Parties and their experts would often prefer to be afforded a further opportunity to clarify or narrow the issues if their initial efforts are deemed to have been insufficient rather than welcome the introduction of a third expert by way of an assessor.

Difficulty with finding an appropriate candidate

In his essay, Lord Bingham acknowledged that finding an assessor who was sufficiently qualified in the field and without an affiliation with any party is often difficult. Most substantial oil and gas disputes, for example, will involve one of the major oil companies and those experts with ‘the best up-to-date practical knowledge’ (see Tom Bingham, ante) are likely to have worked with or for one of those companies in industry.

Further, experts in lucrative and time-intensive industries, such as financial services, are the least likely to have the availability or financial incentive to devote their time to assisting a judge, in particular where the trial is complex and lengthy.

Specialist judges

In an example of the ‘procedural innovation’ to which Lord Thomas also referred, the inception of the financial list brought with it a programme of ‘intense tuition’ in the cutting-edge aspects of financial markets for those specialist judges selected to adjudicate its cases. In theory, this should decrease the likelihood that those judges will feel unfamiliar with the subjects covered in expert evidence and would, therefore, reduce the necessity for assessors.

A more cost-effective alternative

In the patents court, where the use of assessors is widespread, the cost of the assessor is borne by the court out of public funds in accordance with s70(3) and (4) Senior Courts Act 1981. Otherwise, the cost of an assessor is borne by the parties in accordance with CPR 35.15(5). This additional cost can be prohibitive and can prevent the court from being in a position to do more than suggest an assessor where the parties indicate that the additional cost is unnecessary or disproportionate.

An alternative, which avoids the costs of instructing a ‘third expert’ and allows parties to feel they have not ceded control over the evidence presented to the judge, is a neutral teach-in provided by the instructed experts themselves. In a follow-on damages claim in relation to the power cables cartel, Britned Development Ltd v ABB AB [2012], the expert reports on the effect of the cartel on prices jointly comprised nearly 250 pages. Prior to the expert evidence, both sides’ experts gave the judge an impartial explanation of the economic tools and modelling techniques used in their reports. However, as highlighted above, the subject matter of some evidence can make reaching any form of agreement between experts an impractically contentious process.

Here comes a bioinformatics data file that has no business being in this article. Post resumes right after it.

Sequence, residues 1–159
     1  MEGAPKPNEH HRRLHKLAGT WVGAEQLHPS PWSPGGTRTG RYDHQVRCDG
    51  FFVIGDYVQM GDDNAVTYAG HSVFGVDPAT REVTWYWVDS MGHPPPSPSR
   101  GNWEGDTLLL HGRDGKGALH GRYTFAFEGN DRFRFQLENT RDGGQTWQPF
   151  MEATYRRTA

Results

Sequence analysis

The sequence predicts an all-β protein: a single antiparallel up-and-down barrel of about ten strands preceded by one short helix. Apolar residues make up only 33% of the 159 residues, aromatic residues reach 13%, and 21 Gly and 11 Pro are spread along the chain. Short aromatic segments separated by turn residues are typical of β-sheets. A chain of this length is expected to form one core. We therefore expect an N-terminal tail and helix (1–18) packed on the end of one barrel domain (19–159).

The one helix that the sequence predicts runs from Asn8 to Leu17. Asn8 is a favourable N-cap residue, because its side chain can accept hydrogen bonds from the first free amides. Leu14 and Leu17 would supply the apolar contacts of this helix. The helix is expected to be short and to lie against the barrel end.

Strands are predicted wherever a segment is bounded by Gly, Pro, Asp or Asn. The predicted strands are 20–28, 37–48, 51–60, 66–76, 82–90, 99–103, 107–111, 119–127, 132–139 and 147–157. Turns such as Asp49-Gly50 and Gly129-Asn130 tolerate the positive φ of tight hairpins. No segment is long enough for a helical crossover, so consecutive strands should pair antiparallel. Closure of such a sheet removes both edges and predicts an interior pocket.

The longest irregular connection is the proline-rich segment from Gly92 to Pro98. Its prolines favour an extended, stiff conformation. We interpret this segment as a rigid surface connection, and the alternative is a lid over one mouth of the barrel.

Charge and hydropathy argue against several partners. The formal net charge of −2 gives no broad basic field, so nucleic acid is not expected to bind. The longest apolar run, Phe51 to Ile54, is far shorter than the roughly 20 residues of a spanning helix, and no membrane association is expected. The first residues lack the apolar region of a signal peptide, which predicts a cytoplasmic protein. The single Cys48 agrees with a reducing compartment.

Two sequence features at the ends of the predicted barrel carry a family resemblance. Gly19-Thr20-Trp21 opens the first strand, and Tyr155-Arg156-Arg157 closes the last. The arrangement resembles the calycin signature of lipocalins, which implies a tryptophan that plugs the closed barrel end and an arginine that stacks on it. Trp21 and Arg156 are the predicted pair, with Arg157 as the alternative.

Judicial assistants

A further alternative to the use of an assessor, which may meet the concerns raised by Lord Thomas and avoid some of the practical difficulties identified above, is the use of judicial assistants.

In The RBS Rights Issue Litigation [2017], the parties discussed the best way to make the dense expert evidence less burdensome for the judge. Hildyard J, clearly wary of the difficulties encountered by judges such as Green J, initiated the discussion by suggesting the use of an assessor. Alert to the issues identified above, the parties’ preference was for a judicial assistant.

The number of judicial assistants in the Court of Appeal was increased from 17 to 26 on the specific recommendation of Briggs LJ in his report in response to a 54% increase in the Court of Appeal’s caseload between 2010 and 2016. Much like assessors, as discussed at the outset, many in the judiciary also see judicial assistants as a useful auxiliary function in dealing with the volume and complexity of their workload. In The RBS Rights Issue Litigation, Hildyard J accepted he could be assisted by counsel and the experts for his technical queries but would benefit from assistance for two principal reasons:

  • during trial, to ‘assimilate and organise [the evidence] and generally ensure that the point of each day in the case is suitably marshalled’; and
  • with a view to producing a judgment in a time-efficient manner following trial

These functions are more closely aligned to the role of a judicial assistant than an assessor. Hildyard J referred, by way of example, to the judgment in the Barings trial (Barings plc v Coopers & Lybrand [2001]), for which Evans-Lombe J had the benefit of a judicial assistant. That judgment was produced within three months when it would likely have taken at least twice that had the judge been operating without assistance.

Judicial assistants have been used to support judges in the Supreme Court and Court of Appeal since around the turn of the 21st century and have been trialled as a permanent role in the Commercial Court this year as part of a pilot scheme. Three barristers, in their first or second year of practice following pupillage, are serving as full-time judicial assistants for six months and the scheme will be rolled out on a permanent basis if deemed a success.

However, the specific role of the judicial assistant remains, for the most part, unclear to the casual observer.

The following explanation of the role is based on a discussion we have had with a former solicitor, now pupil barrister, Tom Wood, about how both judges and judicial assistants benefit from the initiative. Tom has experience of working as a judicial assistant in the High Court (both Commercial Court and Chancery Division) and Supreme Court. His assistance with our understanding of the role has been much appreciated.

The role of a judicial assistant

Judicial assistants in the High Court and Supreme Court have a broad range of varied responsibilities.

They are there to assist the court but also to benefit their own learning.